Biological Sciences - Master of Arts (MA)

  Introduction   The Master of Arts (MA) in Biological Sciences serves as the core degree for those seeking additional academic credentials while offering academic enrichment, skill development, and career advancement for working scientists. Designed for professionals employed in biology-related fields such as health care, agriculture, environmental science, and teaching, the program equips graduates to take on new challenges and expanded workplace responsibilities. The primary options for MA track include: the MAGB (MA, General Biology track): a literature-based thesis in the biological sciences the MABE (MA, Biology Education track): an education focus for certified teachers the MAAB (MA, Applied Biosciences track): focusing on business / biology skills for those in commercial / industrial fields Course selections allow additional flexibility. The program is structured to accommodate students’ work schedules. Many students enroll on a part-time basis to balance their professional duties with graduate school. In recognition of that need for balance, Delaware State does not require students to complete a laboratory-based research thesis for the MA degree. For those seeking research laboratory experiences, see the Master of Science (MS) degree in Biological Sciences. Professional Preparation Graduate students in biology at Delaware State develop superior academic and communication skills. They learn to design experiments, analyze results, present their findings to peers, and write for scientific publications. Faculty Master’s candidates in Biology work closely with faculty members to design a literature topic. The program’s small scope and size ensures a high degree of direct interaction between professors and graduate students. Delaware State’s biology faculty includes highly accomplished researchers and educators. Graduate students benefit from professors’ experience as well as their professional and academic networks. Research and Experience Although MA students do not participate directly in laboratory-based research, they can interact with active researchers and draw upon their wealth of knowledge and resources. The literature-based thesis requires extensive knowledge-based research since the final report is presented to a thesis committee. Although there are active, well-funded inquiries on campus in such fields as neuroscience, biofuels, cancer, DNA analysis, plant breeding, and gene manipulation; the topic can be selected by the student and an appropriate advisor / committee will be identified, if possible.        

Machine Shop Services


Normal Shop hours:

Monday  through Thursday

7 a.m. - 5 p.m.



Fax:  302-857-6176
Cell:  302-883-1756



The College of Mathematics, Natural Sciences & Technology houses a machine shop with the capability to service various tooling and fabrication requirements for interested publics. A modest-sized operation, The Machine Shop offers a quick turn-around time and a reasonably discounted labor rate.  If you have specific tooling requirements or questions about our capabilities, please contact Mr. Nick Quigley, machinist, at 302-857-6478. Machine Shop Equipment 14" x 40" Engine Lathe 17" lathe Standard Size Milling Machine 14" Vertical Bandsaw 7" x 12" Horizontal Bandsaw High-Precision, High-speed Sensitive Drill Press 3-in-1 Sheet Metal Machine (light duty sheet metal) Oxy-Acetylene Torch Set Miller Welder, Tig (Heliarc and Arc) CNC Milling Machine Cold Saw Surface grinder Belt and Disc Sanders Miscellaneous Hand and Support Tooling     Back to the College Home Page

Meet the Machinist

Nicholas J. Quigley

(Nick's bio)




Normal Shop Hours

Monday through Thursday
7 a.m. - 5 p.m.

Contact Information

Phone: 302-857-6478
Fax: 302-857-6176
Cell: 302-883-1756


  • lathe turning operations
  • limited sheet metal work
  • fabrication/modification, disassembly and reconstruction of tools
  • sharpening drill bits


Contact Nick Quigley, Machine Shop

Submit Work Order Request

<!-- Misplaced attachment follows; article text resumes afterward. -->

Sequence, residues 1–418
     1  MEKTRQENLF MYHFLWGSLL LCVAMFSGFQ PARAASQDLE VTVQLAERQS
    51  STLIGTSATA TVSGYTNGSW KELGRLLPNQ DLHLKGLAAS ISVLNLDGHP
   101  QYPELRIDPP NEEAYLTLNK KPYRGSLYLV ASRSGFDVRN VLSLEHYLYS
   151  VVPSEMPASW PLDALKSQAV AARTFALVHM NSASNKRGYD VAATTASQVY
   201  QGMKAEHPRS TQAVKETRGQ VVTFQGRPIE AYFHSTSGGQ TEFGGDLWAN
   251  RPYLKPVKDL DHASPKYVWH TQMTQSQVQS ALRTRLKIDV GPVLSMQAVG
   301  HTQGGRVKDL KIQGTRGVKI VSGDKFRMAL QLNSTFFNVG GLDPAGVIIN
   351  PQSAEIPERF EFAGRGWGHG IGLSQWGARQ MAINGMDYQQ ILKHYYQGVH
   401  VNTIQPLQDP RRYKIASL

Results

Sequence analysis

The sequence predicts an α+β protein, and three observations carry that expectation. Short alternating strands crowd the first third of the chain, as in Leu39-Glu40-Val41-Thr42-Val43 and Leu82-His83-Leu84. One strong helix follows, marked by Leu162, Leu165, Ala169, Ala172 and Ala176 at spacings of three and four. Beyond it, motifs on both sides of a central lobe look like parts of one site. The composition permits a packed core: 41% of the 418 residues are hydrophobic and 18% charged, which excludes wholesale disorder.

NEWS | AWARDS & HONORS | NOTICES  News CMNST Welcomes New Faculty and Staff for Fall 2014 September 9, 2014 – The Dean of the College of Mathematics, Natural Sciences & Technology would like to announce the following additions to the college family: Dr. Matt Bobrowsky (Dir. of Special Programs, Office of the Dean); Ms. Diane Weller (Admin. Assistant, Office of the Dean); Mrs. Faith Woodard (Academic Advisor, Academic Advisement Center); Mrs. Christine Bissette (Admin. Assistant, AMP/BTD/STARS Programs, Math Sci Dept); and Dr. Laila Girgis (Lecturer, Math Sci Dept). Read more about them here. Welcome!! Professor Spends Sabbatical Immersed in Chinese Culture June 5, 2014 - In Fall 2013, Dr. Charlie D. Wilson, Associate Professor in the Biological Sciences Department, spent his semester-long sabbatical in Mainland China, immersing himself in the Chinese Culture. Looking to broaden his understanding of the history and traditions of the Chinese people, [he] "visited the Ningbo University campus weekly to visit students and friends and to interact with university students...[and] was able to secure permission to visit local middle schools and a high school to observe instruction and speak with students in small groups. He also met with over 20 students on a weekly basis as they were being tutored in English, math and science. For Dr. Wilson, this trip was about self-betterment and becoming a more globally-aware participant at DSU. He shared in reflection of his experiences abroad, "I feel better prepared to participate in the global engagement valued by DSU as evinced by the many connections the University has fostered around the world. I hope to be viewed as a prepared and willing participant in this expansion of Delaware State University’s recognition around the world."   SPIE Student Chapter Inaugurated at DSU SPIE Student Chapter @ DSU Inauguration event on May 22, 2014. Members (from L to R): Mr. Z. Warren, Mr. L. Taleh, Ms. May Hlaing, Prof. R. Tripathi, Mr. Yury Markushin, Mr. Michael Williams, and Mr. Junwei Meng. May 23, 2014 - SPIE has approved the petition of the students from the Physics & Engineering department at Delaware State University to start a ‘SPIE Student Chapter’ at DSU campus. The chapter was established on 5 May 2014 and will be conducted under the mentorship of Dr. Renu Tripathi. A webpage for our chapter's contact information has been created. The chapter was inaugurated with its first meeting on May 22, 2014.  The following officers were elected for academic year 2014-15: 1.      President: Mr. Zack Warren 2.      Vice-President: Mr. Yury Markushin 3.      Treasurer: Ms. May H Hlaing 4.      Recording Secretary and Correspondent for DSU Chapter: Mr. Michael J. Williams The student officers will plan activities and will receive funding for educational outreach, conference attendance, industry site visits, and hosting speakers. SPIE provides funds so that students can take charge of their own professional development.     Spring 2014 CMNST Dean's Distinguished Lecturer Series Speakers announced March 18, 2014 - The Spring line-up for the CMNST Dean's Distinguished Lecturer Series speakers is out! Visit the web page to read more about them here! Mar. 20 - Ms. Gloria Godson, V.P. Federal Regulatory Policy, Pepco Holdings, Inc. Apr. 10 - Dr. Alden Landry, Co-Dir, Tour 4 Diversity; Emergency Medicine Physician, Beth Israel Deaconess Medical Center May 1 - Dr. Hakima Amri, Assoc. Prof., cancer treatment researcher, Georgetown Univ. Medical Center  Download a comprehensive flier.   China Research Experience Program for LSAMP students taking applications Delaware State University will send 10 Science, Technology, Engineering, or Mathematics (STEM) students to Ningbo University (NBU), Ningbo, Zhejiang, China to do research in the summer of 2014. Each student will conduct research in one of STEM areas at NBU. The goal of this program is to provide DSU STEM students with valuable research experience and immerse them in the Chinese culture, thus preparing them for the future global job market. Funds for this opportunity are provided by the Greater Philadelphia Region Louis Stokes Alliance for Minority Participation (Philadelphia LSAMP) through the National Science Foundation (NSF) and the International Council of Delaware (ICD). The China Research Experience is organized by DSU LSAMP and the Office of International Affairs (OIA). Contact Dr. Mazen Shahin for more information. Requirements to be considered for the China Research Experience: Must be an LSAMP Member (Louis Stokes Alliance for Minority Participation). Must be a US Citizen or a Permanent Resident. Must be a rising Sophomore, Junior, or Senior STEM major. Priority will be given to students with previous STEM research experiences. Must have a minimum cumulative GPA of 3.0. Mandatory attendance for Pre-departure Orientations with AMP and the OIA. Tentative dates are from May 26 to June 25, 2014. Applications due Friday, March 21, 2014. Download a flyer here. Printable Application is available here.   INBRE Leadership announced, Kmiec named Director of Research January 7, 2014 - Delaware's INBRE grant leadership has undergone significant changes since the departure of Dr. Karl Steiner in August 2013. The following announcements were made: Dr. Steven Stanhope (UD) was announced as the new Principle Investigator; Dr. Cathy Wu (UD) was named Program Coordinator; and DSU's Dr. Eric Kmiec was appointed Director of Research. See complete article here.   Fall 2013 Dean's Distinguished Lecturer Series speakers announced October 20, 2013 - The Fall 2013 lineup of speakers for the CMNST Dean's Distinguished Lecturer Series has been announced by the Dean. Join us for provocative conversations, refreshments, and good company: November 7 @ 11 a.m. (technical lecture) and 6 p.m. (general public)  - 2013 National Medal of Science awardee, Dr. S. James Gates, Jr., theoretical physicist (Luna I. Mishoe Science Center South 223). November 14 @ 11 a.m. (technical lecture) -  DuPont Chemical engineer, Dr. Sergio Nanita “Improving Mass Spectrometry for Accurate Chemical Measurements in Physical, Environmental and Life Sciences” (Luna I. Mishoe Science Center South 223). November 14 @ 6 p.m. (general public) - State of Delaware Board of Education President and President of the Delaware STEM Council, Dr. Teri Quinn Gray, “Imperative and Possibility—STEM Education for the 21st Century" (Luna I. Mishoe Science Center South 223). November 19 @ 11 a.m. (technical lecture) and 6 p.m. (general public) - Founder and National Director of the Calculus Project, Dr. Adrian B. Mims, "The African American and Latino Scholars' Calculus Project: Creating a Culture of high Academic Achievement in Mathematics" (Science Center N 139). Click here for more information about the CMNST Dean's Distinguished Lecturer Series.   DSU Dept of Physics and Engineering joins the APS Bridge Program September 13, 2013 - DSU is now associated with the American Physics Society Bridge Program. The Department of Physics and Engineering at DSU joins 36 other institutions in comprising a network committed to creating pipelines for underrepresented minorities into doctoral programs in physics and engineering. What this means for DSU Physics majors is access to a larger, connection network to provide a greater number of options to support those minority and underrepresented students seeking doctoral degrees in physics and engineering. Contact Dr. Hacene Boukari, Graduate Director for the Dept. of Physics and Engineering, for more information: 302-857-6511 or More about the APS.   CIS Faculty member and students present in Paris September 6, 2013 - Between the 13th and 18th of July, 2013, two undergraduate students from the Department of Computer and Information Sciences at Delaware State University, Mr. Atish Malik and Mr. Myles Johnson-Gray, together with their academic advisor, Dr. Tomasz Smolinski, attended the 22nd Annual Computational Neuroscience Meeting (CNS*2013) in Paris, France.  The CNS conference is the most prestigious meeting in the field of computational neuroscience, and every year, it gathers the greatest computational neuroscientists from all over the world.  This year’s edition, which took place at the University Paris Descartes, attracted a record-breaking score of 787 attendees, and was one of the most interesting and impactful CNS meetings yet.  At the conference, Atish and Myles presented their work performed under the tutelage of Dr. Smolinski in the form of posters titled “Multi-objective evolutionary algorithms for analysis of conductance correlations involved in recovery of bursting after neuromodulator deprivation in lobster stomatogastric neuron models” and “Hybridization of multi-objective evolutionary algorithms and fuzzy control for automated construction, tuning, and analysis of neuronal models,” respectively.  The posters were also accompanied by abstracts published in the BMC Neuroscience journal (impact factor: 3).  Myles and Atish have been working as undergraduate researchers in Dr. Smolinski’s Computational Intelligence and Bio(logical)informatics Laboratory (CIBiL) for 18 and 8 months, respectively.  They are now both considering pursuing careers in science and applying to graduate school after obtaining their B.S. degrees from DSU.  They both admit that the opportunity to attend the CNS meeting had a significant impact on their careers plans, as the chance to present and discuss their work with some of the greatest minds of today’s neuroscience research was a truly eye-opening and life-changing experience. Atish and Myles have been supported by the following grants: NIH NCRR 5P20RR016472-12 and NIGMS 8P20GM103446-12, NIH NIGMS RISE R25GM089669, and NSF EPSCoR 0814251.  The other students from Dr. Smolinski’s laboratory who worked on the projects presented at the CNS meeting include: Ainiah Floyd, Emlyne Forren, Parth Patel, and Kenneth Shim. (Submitted by Dr. T. Smolinski)   Dept of Energy award goes to Chemistry faculty member September 24,2013 - Dr. Daniela Radu, assistant professor in the Department of Chemistry, and a member of the Renewable Energy Research and Education Center, was recently awarded a grant in the amount of $326,129 by the U.S. Department of Energy. Dr. Radu's project, entitled, "High-efficiency Ultra-Thin-film Solar Cells Prepared from Low-Cost Fe-based Solution Precursors," aims to take initial steps to begin a solar research program at DSU. In addition to research, the project will also involve the development of a solar-related course to prepare students with an interest in industrial and research-related solar applications for future employment in the field.      Neuroscience Center receives grant to research spinal motor neuron diseases September 9, 2013 - Dr. Melissa Harrington, professor of Biological Sciences, recently was awarded a 3-year $433,645 grant from the Eunice Kennedy Shriver National Institute of Child Health and Human Development to conduct research on the development of spinal motor neurons as it relates to neurodegenerative diseases such as muscular dystrophy. Read full article.     Innovation Grant awards go to CMNST faculty August 31, 2013 - Four of  a total of five award recipients of the University's first-ever Innovation grants are faculty members of the College of Mathematics, Natural Sciences & Technology: Drs. Hacene Boukari (Physics & Engineering Dept); Gary Holness (Computer & Information Sciences Dept); Mohammad Khan (Physics & Engineering Dept); and Daniela Radu (Chemistry Dept) are principal investigators of winning proposals. The Innovation Grant award is part of the PRIDE 2020 campaign launched by the Administration, awarding seed grants of $20,000 each for initiatives focusing on strategic priorities and in alignment with University goals. Read more here.   CMNST announces new faculty August 31, 2013 - This fall the CMNST is please to announce the addition of five (5) new faculty members to its roll: Drs. Michael Gitcho (Biological Sciences Dept); Hakeem Lawal (Biological Sciences Dept); Sokratis Makrogiannis (Mathematical Sciences Dept); Deborah Santamore (Physics & Engineering Dept); and Matthew Tanzy (Mathematical Sciences). Collectively, these individuals provide a breadth of knowledge and expertise in their respective disciplines that will further enhance the teaching and research experiences afforded our STEM students. Read all about them here.     DSU students part of winning Cyber Challenge Competition team L-to-R: Dr. Hongxin Hu, advisor, Trevor Newell, Ainiah Floyd, Emlyne Forren, Priscilla Wilson, Andrew Hobbs, and Dr. Marwan Rasamny, Dept Chair, CIS) July 12, 2013 - Five DSU computer and information science majors helped bring home a 1st place win for the University at this year's Delaware Cyber Camp (part of the U.S. Cyber Challenge summer camp, held at the Wilmington University site of the Delaware Cyber Security Boot Camp, July 8-12, 2013). Priscilla Wilson, Ainiah Floyd, Andrew Hobbs, Trevor Newell, and Emlyne Forren comprised the winning team in an online challenge to exhibit skills in combating cracked passwords, server penetrations, hijacked servers and data acquisition. This event was invitation-only and consisted of the top 47 students representing the "best and brightest in Delaware's universities and colleges, selected from hundreds of applicants, said Delaware Chief Information Officer Jim Sills. Read article.   CIS Dept courseware obtains National Security Agency Certification March 15, 2013 -  The Department of Computer and Information Sciences (Dr. Marwan Rasamny, Chair) recently received notification of approval of all courseware being offered through its department related to the following programs: Information Systems Security (INFOSEC) Professionals, NSTISSI 4011; and System Administrators (SA), CNSSI 4013 Entry Level. What does this mean for DSU students? All students who take the certified courses are eligible to receive NSA approved certificates, which are highly desirable to employers, especially those hiring into the federal government workforce. The Information Assurance Courseware Evaluation (IACE) program of the National Security Agency (NSA) assesses the degree to which courseware from commercial, government and academic sources align with the national standards set by the Committee on National Security Systems (CNSS). Visit the CIS website. ^Back to Top Awards & Honors   Chemistry faculty member awarded NSF Targeted Infusion grant in Chemistry August 20, 2014 - More congratulations go again to Dr. Cheng-Yu Lai for the $324,182 award  he recently received from NSF. The project supported by this award will create seminal knowledge related to chemistry taught in the context of green chemistry, environmental stewardship, climate change, and food security. Societal benefits of this project include improved educational opportunities for training students to tackle tomorrow’s sustainable society challenges. The project aims to produce graduates ready to respond to an increasing need for sustainability awareness and related problem-solving capabilities.  New NSF Major Research Instrumentation Grant arrives on DSU campus Members of the team directing this initiative include Drs. Mukti Rana (PI), Dula Man, Wafa Amir, Hacene Boukari, and Theresa Szabo-Maas. July 31, 2014 - A team of CMNST faculty researchers, led by Dr. Mukti Rana (Assoc. Professor, Dept of Physics & Engineering) was recently awarded a  Major Research Instrumentation (MRI) grant by the National Science Foundation. This Major Research Instrumentation (MRI) grant, awarded to Delaware State University (DSU), provides funding for the acquisition of a Scanning Electron Microscope (SEM). This high-resolution imaging microscope enhances the research and educational capabilities at DSU, especially for students majoring in the fields of Science, Technology, Engineering, and Mathematics (STEM).  Thanks to this acquisition, DSU STEM students will gain “hands on” experience and training in this broadly-used technology. Further, the SEM is an impetus to stimulate new opportunities, and to develop new collaborative projects among DSU and non-DSU researchers.   Most particularly, it strengthens the mission of the NSF-funded Center for Research Excellence in Science and Technology at DSU: the Optical Science Center for Applied Research. The goals of this MRI project are: (1) to develop and design novel materials for integrated circuits and their applications, (2) to assess the efficiency of (Deoxyribonucleic acid) DNA delivery systems, (3) to characterize estrogen receptor subcellular localization using teleost model systems, and (4) to characterize and probe the nanoscopic structures of diverse biopolymers. In addition, the instrument provides other capabilities such as energy dispersive X-ray spectroscopy microanalysis system and electron back scattered diffractometer, which can be used to determine the elemental composition and crystallographic orientation of a specimen.  Thus, the instrument contributes to the successful realization of various ongoing research projects at DSU, including: i) the development of ultra-low power Indium Arsenic Nitride semiconductor transistors, ii) the fabrication of a nanofiber in situ electroporation chip to deliver DNA into cells, iii) the study of membrane-associated estrogen receptors in the Mauthner cell circuit of goldfish, and iv) the characterization of tubulin nanorings.   Chemistry faculty member awarded grant with U.S. Department of Energy July 23, 2014 - Dr. Cheng-Yu Lai, associate professor in the Department of Chemistry, and a member of the Renewable Energy Research and Education Center, was recently awarded a grant in the amount of $249,291 by the U.S. Department of Energy. The three-year award will fund the project titled: "Novel Silica Nanostructured Platforms with Engineered Surface Functionality and Spherical Morphology for Low-Cost High-Efficiency Carbon Capture." This is the first climate change-related research project at DSU and will contribute to reduction of carbon dioxide produced from fossil fuels.   Geophysicist faculty member receives NSF award to study elasticity of deep Earth materials at high pressure and temperatures July 18, 2014 - Congratulations to Physics & Engineering Department professor, Dr. Gabriel Gwanmesia who received a three (3) year grant from the National Science Foundation in the amount of $300,000,  to, his own words, " the elasticity of deep Earth materials at high pressure and high temperature, in conjunction with synchrotron X-radiation." Combined with pertological and geochemical data, the results of the study could significantly enhance our knowledge of the mineralogical composition and structure of the deep Earth's interior.    Biology faculty awarded NSF grant to 'Expand Educational Cyber-infrastructure' at DSU June 23, 2014 - Dr. Andrew Lloyd (pictured above at far left, with co-PIs), faculty member in the Biological Sciences Department, was recently awarded by the National Science Foundation for his proposal, "Targeted Infusion Project: Expanding Educational Cyber-Infrastructure at Delaware State University" ($399,908). Dr. Lloyd said that the project "...will support the development and implementation of online teaching resources to enable faculty to deliver course content to students so that instructors can focus classroom time on active and problem-based learning."   SPIE Awards DSU Student Chapter President to attend conference June 17, 2014 - Mr. Zachary Warren, an Optics Ph.D. candidate in the Optical Sciences Center for Applied Research (OSCAR) in the Department of Physics & Engineering, and newly-elected president of the recently-incepted SPIE Student Chapter at DSU, has won the ‘Officer Travel Grant Award’ (approximately $ 2,000.00) from SPIE to attend the SPIE Optics+Photonics conference in San Diego, CA in Aug. 2014.  Zach will represent DSU, participating in a student leadership conference, technical sessions, technical tutorials, and products exhibit at the conference.   Physics & Engineering Faculty Member awarded Research Technology Grant  June 4, 2014 - Dr. Hacene Boukari, Associate Professor in the Department of Physics and Engineering, has recently been awarded a $175,000 grant from the Department of Defense to acquire a fluorescence correlation spectrometer. Read a full article on his grant here.    Grad Student Yuriy Markushin awarded SPIE Optics and Photonics Education Scholarship  June 2, 2014 - DSU Optics Graduate student Mr. Yury Markushin has been awarded a 2014 Optics and Photonics Education Scholarship by SPIE, the international society for optics and photonics for his potential contributions to the field of optics, photonics or related field. Markushin is a PhD candidate in the Department of Physics and Engineering at Delaware State University. His research is focused on design and implementation of a polarimetric scanning Laser Detection and Ranging System (LADAR). He is also a founding member and a Vice-President of SPIE student chapter at Delaware State University. “I am proud to accept the SPIE Optics and Photonics Educational Scholarship and honored to be a part of SPIE as a student member,” said Markushin. “That gave me a priceless opportunity to learn about the latest innovations and findings in the field of Optics and Remote Sensing“. In 2014 SPIE awarded $353,000 in education and travel scholarships to 144 outstanding individuals, based on their potential contribution to optics and photonics, or a related discipline. Award-winning applicants were evaluated, selected and approved by the SPIE Scholarship Committee, Chaired by SPIE volunteer Kevin Leonard. To date, SPIE has distributed over $3.5 million dollars in individual scholarships. This ambitious effort reflects the Society's commitment to education and to the next generation of optical scientists and engineers around the world. SPIE scholarships are open to full- and part-time students studying anywhere in the world. All scholarship applications are judged on their own merit, based on the experience and education level of the individual student. To view press releases of the Scholarship Recipients go to SPIE is the international society for optics and photonics, a not-for-profit organization founded in 1955 to advance light-based technologies. The Society serves nearly 256,000 constituents from approximately 155 countries, offering conferences, continuing education, books, journals, and a digital library in support of interdisciplinary information exchange, professional networking, and patent precedent. Article contributed by Dr. Renu Tripathi. Dr. Murali Temburni awarded competitive NSF Research Initiation Award grant April 28, 2014 - Dr. Murali Temburni, Assistant Professor in the Biological Sciences Department, received notification of award for funding by the National Science Foundation for his grant proposal entitled "Role of Astrocytes in the development of sychronized bursting behavior in neuronal networks." This two-yr grant funds Dr. Temburni's ongoing work in the field of neurobiology.  Neurons communicate in the brain by firing signals called action potentials. During synchronous activity, groups of neurons in the brain all fire action potentials at the same frequency. This synchronous activity is important during brain development for neurons to recognize and link up with functionally similar neurons – thus dividing the brain into functional modules. Abnormal synchronization can also occur in the awake brain leading to epileptic seizures. Unraveling the cellular and molecular basis of neuronal synchronization is necessary not only for understanding the development of neuronal networks but also for developing meaningful therapies for epilepsy. Currently there is no effective therapy for epilepsy. Glial cells (of which astrocytes are a subset) were traditionally thought to be support cells for neurons to grow, develop and survive. However, recent evidence shows that they not only help neurons survive and form connections, but also participate in neuronal communication. The current view of neuronal communication involves a “tripartite synapse” with a pre-and post-synaptic neurons and a peri-synaptic glial cell. This project which received an overall rating of “excellent” was conceived and developed at DSU. Dr. Temburni, a molecular biologist studying synapse formation in the vertebrate brain using the developing chicken brain as a model system, came up with the idea for this proposal at DSU in collaboration with DSU scientists. According to Dr. Temburni, this project would not have been possible without input from his mentor, Dr. Melissa Harrington, a neurophysiologist and collaborator, Dr. Tomasz Smolinski, a computational neuroscientist and support from his Chair, Dr. Leonard Davis. Dr. Temburni’s team of researchers – Karla Sanchez, a graduate student, undergraduates, Nkoli Agbazue, Jaskirandeep Kaur and Kasey Cosden are generating exciting data which confirms their initial suspicions – astrocytes are necessary for neurons to synchronize their activity. The team is currently working on unraveling the molecular pathways involved. This NSF funded project will also involve high school students from the Early College High School at DSU. Dr. Judi Coffield, Director of the ECHS, is part of the team and will select high school students interested in research to work in Dr. Temburni’s lab. The selected students will participate in research under the guidance from Dr. Temburni, along with their peer undergraduate mentors. According to Dr. Temburni, “catching them early” is the surest way of hooking students on scientific research – and this project will help achieve that goal. Dr. Noureddine Melikechi and Ms. Alissa Mezzacappa receive high honors from NASA for contributions to ChemCam Instrument Dvlpmt & Science Team   April 24, 2014 - As members of the Mars Science Laboratory ChemCam Instrument Development & Science Team, Dr. Noureddine Melikechi and his student Ms. Alissa Mezzacappa, Ph.D. candidate in Optics, have received one of NASA’s Highest Honor Awards: the Group Achievement Award.  The ChemCam team has received this award “For exceptional achievement defining ChemCam’s scientific goals and requirements, developing the instrument and investigation, and operating ChemCam successfully on Mars.” This NASA Honor Award is presented to a number of carefully-selected teams who have distinguished themselves by making outstanding contributions to the NASA mission.    Dr. Michael Gitcho receives Alzheimer's Association grant Dr. Michael Gitcho pictured above with Katie Macklin, executive director for the Delaware region of the Alzheimer's Association Delaware Valley Chapter April 16, 2014 - Dr. Michael A. Gitcho, Assistant Professor in the Biological Sciences Dept , was recently awarded a research grant by the Delaware Valley Chapter of the Alzheimer's Association. This award was granted into support of Dr. Gitcho's research, which focuses on a protein (TDP-43) that is critical to the normal function of the brain cell.  When TDP-43 is altered, this results in the development of neurological diseases, such as amyotrophic lateral sclerosis (ALS) and dementia. One of the most common form of dementia, Alzheimer's accounts for 70 to 80% of all cases and the greatest risk factor is aging.  This progressive disease slowly destroys memory, thinking, and reasoning and over time it makes even the simplest tasks impossible to do.  Currently, there are an estimated 5.3 million people aged 65 and older with the disease and it is projected that over the next 10 years there will be an additional 10 million diagnosed with Alzheimer’s disease.  Dr. Gitcho and colleagues have observed that mice that are engineered to have Alzheimer-like symptoms, similar to those with Alzheimer’s disease, also have an increased level of abnormal TDP-43 (TDP-43 has been found to be altered in up to 50% of those with Alzheimer’s disease).  Dr. Gitcho is hopeful that his research will provide insights into the relationship between TDP-43 and Alzheimer’s disease which could provide us a better understanding of how this devastating disease progresses and, in turn, lead to the development of new therapeutics.  OSCAR Student and others take 2nd place at Innovative Business Plan Competition in Washington DC April 5, 2014 - This year a team of six (6) students from DSU’s College of Business and the CMNST’s Department of Physics and Engineering won second place at the Innovations in Social and Business Entrepreneurship Business Plan Competition 2014. The competition, organized by the School of Business & Public Administration of University of the District of Columbia, took place on April 5, 2014. Students participating in the competition  represented universities and colleges in the District of Columbia, Delaware, Maryland, Virginia, and West Virginia. The purpose of the competition was “to educate and provide an experiential opportunity to showcase the creativity of tomorrow’s business leaders.” Teams were challenged to: Create business plans that addressed an identified social issue or need, using a social business entrepreneurship business model; and Present business implementation plans or delivery modes that demonstrate how the plan can impact communities. DSU’s team presented a business plan based on an interdisciplinary project that developed a sensor to assess environmental air quality at local (e.g. Kent County) and state levels. Entitled “Next-generation sensors for improving human health and urban air quality- A technology driven business model for young entrepreneurs,” the project was funded through a DSU PRIDE grant that was authored by Dr. Mohammed Khan, Assistant Professor of Physics (PI); Dr. Mukti Rana, Assistant Professor of Physics (co-PI); and Dr. Nandita Das, Associate Professor of Business (co-PI). The project entails a prototype greenhouse gas sensor technology for environmental applications, developed in DSU’s own engineering laboratories, which will be transformed into a marketable product through a model business plan developed by DSU’s College of Business team. The goal of the project is to expose students to the critical stages of research conducted in the laboratories and the aspects of commercialization of such technologies through interdisciplinary collaboration in a unique academic setting.  Biology student receives prestigious Arthur Ashe Award March 27, 2014 - Accolades go to Forensic Science (biology) major and student athlete, Elaine Peete, who was recently named a 2014 Arthur Ashe Jr. Sports Scholar by Diverse Issues in Higher Education. This award (created in 1992) is sponsored by the Diverse Issues in Higher Education publishing group to help recognize minority student-athletes who are competing at high levels of both academics and athletics. Named in honor of the late African-American tennis great, civil rights leader and humanitarian, Arthur Ashe, past recipients have included Super Bowl winning quarterback Russell Wilson (Seattle Seahawks), WNBA star and broadcaster Kara Lawson (Univ. of Tennessee), and former NBA  player Jacque Vaughn (Univ. of Kansas). Ms. Peete will appear in an upcoming edition of the magazine honoring this year's roster of scholar-athletes, and she will also be recognized at the Awards Luncheon, sponsored by the NCAA, to be held April 10th on the campus of George Mason University in Fairfax, VA.   Recent Journal Publications by Math Sci faculty member December 20, 2013 - Congratulations! Mathematical Sciences Assistant Professor Dr. Sokratis Makrogiannis had two (2) articles published in peer-reviewed journals, Academic Radiology and Nutrition, metabolism, cardiovascular diseases. The titles of the articles, respectively, are "Computer-aided Assessment of Regional Abdominal Fat with Food Residue Removal in CT" (co-authors: S. Makrogiannis, G. Caturegli, C. Davatzikos, L. Ferrucci); and "The Relationship between Visceral Adioposity and Left Ventricular Diastolic Function: Results from the Baltimore Longitudinal Study of Aging" (co-authors: M. Canepa, J.B. Strait, Y. Milaneschi, M. Alghatrif, R. Ramachandran, S. Makrogiannis, M. Moni, M. Davis, C. Brunelli, E.G. Lakatta, L. Ferrucci). Dr. Melikechi Presents as Arken Scholar-in-Residence at Miami Univ. November 7, 2013 - CMNST Professor of Physics and Dean, Dr. Noureddine Melikechi was honored as 2013 Arfken Scholar-in-Residence at Miami University, Oxford, Ohio. This endowment was made as a gift from a retired Miami University faculty member in the Physics Department in 1998 to encourage weeklong visits of distinguished physicists on the campus. Scholars have the opportunity to interact with students, faculty and the public, delivering lectures, leading seminars, and working with students on research and related topics. Dr. Melikechi presented as a member of the Mars Science Laboratory at NASA. The public lecture was entitled: "Exploring Martian Rocks and Soils with Single Laser Pulses: A Wonderful Journey of Remote Analysis of a Planetary Surface."   Faculty Awarded Grants, Honors, and Papers Published October 5, 2013 - Commendations go to the following individuals on their recent accomplishments: Dr. Hongxin Hu (Department of Computer & Information Sciences) - co-authored published paper "On the Security of Picture Gesture Authentication. View article here. Dr. Pablo Suarez (Department of Mathematical Sciences) - awarded the NASA Astrobiology Minority Institution Research Support MIRS program this past summer with Rensselaer Polytechnic Institute.  Dr. Eric Kmiec (Department of Chemistry) - scheduled to be guest editor for Nucleic Acid Therapeutics journal (April 2014 edition)   Faculty Awarded DSU CIBER-EPSCoR seed grants February 28, 2013. Congratulations to Dr. Aristides Marcano, Chairperson, Department of Physics and Engineering, and Dr. Gour S. Pati, Associate Professor, Department of Physics and Engineering, on their recent grant awards for the 2012-2013 DSU CIBER-EPSCoR seed grants competition! Dr. Marcano's winning proposal was entitled, "Developments of a Practical and Low Cost Photothermal Lens Spectrophotometer for Spectroscopic Characterization of Turbid Samples." Dr. Pati's winning proposal was entitled, "Ultrasensitive Measurements of Denitrification Process in Soil Samples using an Integrated Fiber-Optic Cavity-Enhanced Sensor." The Delaware EPSCoR RII-2-CIBER Seed Grant Program is sponsor of this multi-disciplinary competition. The Center for Integrated Biological and Environmental Research (CIBER) is located in the College of Agriculture and Related Sciences.  ^Back to Top   Notices STARS summer program now accepting applications! MARC U*STAR Program application now available Link to Internship & Fellowship info STARS returns to the DSU Campus! 10th-12th grade students have the opportunity to participate in summer classes, while residing on-campus for 4 weeks. Visit ^Back to Top See more in ARCHIVES►